4. If you’re building a lot of something then anywhere you can eek out a reduction in BOM cost is a win. I’m working on a project where I expect to make about 50 boards, and the difference there is $15. I’ve set a reasonable budget and that gives me room to breath.

      For development or a one-off project, yes I need a dev board. But I’m designing for the PCB, and I can arrange footprints and components how I like.

      1. Your difference is 15 USD per board, or 15 USD total? 50 or 1 hours at minimum wage. Still not that big of a saving. One can easily spend an additional 50 hours on firmware for a product if the environment is not as familiar or well-supported.
        I think getting the most out of underpowered chips is a fun engineering challenge. But rarely a good choice in terms of money…

    5. You just don’t understand how somebody with a home automation project with 25 or 30 nodes prefers to spend USD$60 (and leave room for future additional savings) instead of USD$300 in controllers alone?

      Well, it’s very easy to understand:

      Not all hobbists are blinking LEDs, let alone readers of this site who are not hobbists

      1. there’s a real disconnect here. but i feel like you’re answering my question- thanks! the reason people are interested in these things is they simply don’t believe that the rp2040 pricing is what it is. i can straight up tell you the price, and you can read my comment, and you’ll still come up with 30*4=300.

        the reason i’m talking about the rp2040 is that it’s inexpensive. you can get the complete rp2040-zero (stamp) board for $0.40 on aliexpress, or you can get the official pico board from adafruit or digikey for $4.00.

        so if you’re doing 30 units, it’s at most $120, and if you’re being cheap about it, then it’s easy to get it down to $12. you’re perception of the price is based on a mirage.

        i understand why people want to pinch pennies in the world of $10-$20 stm32 boards versus $1.50 unspported ‘blue pill’ sort of alternatives. rp2040 pricing changes all that and that’s why i keep mentioning it.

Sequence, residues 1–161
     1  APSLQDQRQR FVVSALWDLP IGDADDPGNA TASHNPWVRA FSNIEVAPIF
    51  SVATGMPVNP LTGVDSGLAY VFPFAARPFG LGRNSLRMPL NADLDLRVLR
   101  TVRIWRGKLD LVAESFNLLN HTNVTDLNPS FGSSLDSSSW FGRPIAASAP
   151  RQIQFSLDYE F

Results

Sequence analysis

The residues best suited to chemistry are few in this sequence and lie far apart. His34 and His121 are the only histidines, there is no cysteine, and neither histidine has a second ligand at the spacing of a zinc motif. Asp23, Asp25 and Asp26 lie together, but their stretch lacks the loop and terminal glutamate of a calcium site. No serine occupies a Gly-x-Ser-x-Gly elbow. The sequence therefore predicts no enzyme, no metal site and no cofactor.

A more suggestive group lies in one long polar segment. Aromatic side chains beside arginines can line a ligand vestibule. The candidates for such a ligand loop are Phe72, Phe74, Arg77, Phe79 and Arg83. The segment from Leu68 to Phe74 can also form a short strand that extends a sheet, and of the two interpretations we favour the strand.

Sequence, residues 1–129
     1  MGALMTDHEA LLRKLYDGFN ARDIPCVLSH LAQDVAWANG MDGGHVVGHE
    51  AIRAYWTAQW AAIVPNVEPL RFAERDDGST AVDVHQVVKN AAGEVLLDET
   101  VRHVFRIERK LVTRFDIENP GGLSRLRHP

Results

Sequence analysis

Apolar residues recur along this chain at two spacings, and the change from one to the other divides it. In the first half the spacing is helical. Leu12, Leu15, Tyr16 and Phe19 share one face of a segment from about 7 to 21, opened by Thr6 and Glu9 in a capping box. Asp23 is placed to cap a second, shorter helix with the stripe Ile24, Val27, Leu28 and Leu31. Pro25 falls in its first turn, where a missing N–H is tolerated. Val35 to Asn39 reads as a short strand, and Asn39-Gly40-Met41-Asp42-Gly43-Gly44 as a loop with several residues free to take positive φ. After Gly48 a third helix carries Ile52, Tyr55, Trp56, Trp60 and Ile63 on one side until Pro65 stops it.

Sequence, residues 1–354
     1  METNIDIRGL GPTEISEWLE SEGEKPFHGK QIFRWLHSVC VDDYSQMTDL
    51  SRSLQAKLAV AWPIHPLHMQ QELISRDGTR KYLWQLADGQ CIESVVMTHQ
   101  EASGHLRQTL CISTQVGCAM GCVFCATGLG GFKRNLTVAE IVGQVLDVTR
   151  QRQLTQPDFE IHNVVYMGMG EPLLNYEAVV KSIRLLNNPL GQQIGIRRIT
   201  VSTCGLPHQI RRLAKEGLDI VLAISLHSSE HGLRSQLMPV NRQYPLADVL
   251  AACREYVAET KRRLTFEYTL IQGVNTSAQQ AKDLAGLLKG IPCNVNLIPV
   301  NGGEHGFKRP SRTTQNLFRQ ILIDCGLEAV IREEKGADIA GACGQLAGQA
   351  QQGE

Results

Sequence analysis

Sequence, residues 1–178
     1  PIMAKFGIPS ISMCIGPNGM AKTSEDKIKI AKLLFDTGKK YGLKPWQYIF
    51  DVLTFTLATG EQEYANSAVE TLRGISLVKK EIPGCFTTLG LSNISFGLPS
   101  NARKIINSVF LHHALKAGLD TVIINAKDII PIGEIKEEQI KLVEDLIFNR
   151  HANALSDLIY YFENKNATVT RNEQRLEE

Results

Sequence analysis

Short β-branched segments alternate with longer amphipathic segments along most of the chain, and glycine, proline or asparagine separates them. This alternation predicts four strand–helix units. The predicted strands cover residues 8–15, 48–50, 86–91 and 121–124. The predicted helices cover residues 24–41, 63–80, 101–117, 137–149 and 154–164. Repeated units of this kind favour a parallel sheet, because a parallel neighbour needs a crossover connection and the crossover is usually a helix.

1. “rp2040-zero (stamp) board for $0.40 on aliexpress”

          Very unlikely. Maybe as a 1 piece promo before you register, they give you $5 off for the first time so the real price is $5.40. Otherwise it is more like $2.something for Pico like board or a bit less in “Pick 3+ for free shipping” Choice deal.

          1. if you’re telling me that ordering stuff on aliexpress is never quite as cheap or convenient as you think it will be…that’s exactly my point. that’s why i’m not impressed by relentlessly shaving cost past a certain point.

            when you’re looking at a $20 stm32 ‘discovery’ dev board from mouser vs a $1.50 ‘blue pill’ from aliexpress, you really feel the pressure. but raspi got it down to $4 through the reputable channels! you can still go through gotcha-laden channels if you want but the official price is already low.

    6. Since we are talking about parts, might I suggest the mh-tiny attiny88? $1.50 CAD if you requirements are anything programmable period. I used to use Arduino Nanos at ~$5 CAD if I need more memory, but you can get rp2040 zero modules for $3 CAD which are a lot more capable.

    7. Agree on the RP2040 Pico, it’s excellent because of the price, the support and the community (similar thing with the Pi, despite all the bitching and moaning by the ‘never Pi’ guys)

      Not sure why you don’t use ‘naked chips’ though, it’s really not that difficult, especially when there are compaies like JLCPCB or PCBWay and seeing your own design on a ‘real’ PCB that looks like an actual product instead of a pile of modules on a carrier board (or worse, a rat’s nest of wires) really is a buzz.

  2. Wow, a bunch of ….odd…. takes on this article. Personally, I love cheap chips. Makes it easy to use them in roles that I’d never ever consider if I could only buy expensive(ish) and bulky ‘boards.’ I mean, just recently I built a control cluster of rotary encoders with a bunch of LEDs and stuff…. using a handful of ch32v003’s on an i2c bus. One chip per control – sure, why not? Times ten controls? easy peasy. I have TONS of use cases where a cheap low-pin-count ‘bare’ mcu is the *ideal* solution. Bonus points for being 5V capable. In such cases, even as a hobbyist, cost is *absolutely* a factor. I’m not going to use a dozen $20 dev boards on a single project, and using one giant mcu is just a PITA.